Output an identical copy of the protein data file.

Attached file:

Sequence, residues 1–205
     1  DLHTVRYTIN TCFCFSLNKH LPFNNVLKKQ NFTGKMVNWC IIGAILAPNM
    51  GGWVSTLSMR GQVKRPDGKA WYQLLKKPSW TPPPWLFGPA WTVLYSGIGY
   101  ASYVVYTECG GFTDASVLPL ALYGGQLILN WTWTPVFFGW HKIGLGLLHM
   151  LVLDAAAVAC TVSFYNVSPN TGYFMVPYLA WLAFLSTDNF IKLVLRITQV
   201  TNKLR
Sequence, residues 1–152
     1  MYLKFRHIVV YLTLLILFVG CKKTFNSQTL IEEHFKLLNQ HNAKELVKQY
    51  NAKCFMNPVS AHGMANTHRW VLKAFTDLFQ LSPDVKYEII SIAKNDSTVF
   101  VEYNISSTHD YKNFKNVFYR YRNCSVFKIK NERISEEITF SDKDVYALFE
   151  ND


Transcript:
Sequence, residues 1–205
     1  DLHTVRYTIN TCFCFSLNKH LPFNNVLKKQ NFTGKMVNWC IIGAILAPNM
    51  GGWVSTLSMR GQVKRPDGKA WYQLLKKPSW TPPPWLFGPA WTVLYSGIGY
   101  ASYVVYTECG GFTDASVLPL ALYGGQLILN WTWTPVFFGW HKIGLGLLHM
   151  LVLDAAAVAC TVSFYNVSPN TGYFMVPYLA WLAFLSTDNF IKLVLRITQV
   201  TNKLR
Sequence, residues 1–152
     1  MYLKFRHIVV YLTLLILFVG CKKTFNSQTL IEEHFKLLNQ HNAKELVKQY
    51  NAKCFMNPVS AHGMANTHRW VLKAFTDLFQ LSPDVKYEII SIAKNDSTVF
   101  VEYNISSTHD YKNFKNVFYR YRNCSVFKIK NERISEEITF SDKDVYALFE
   151  ND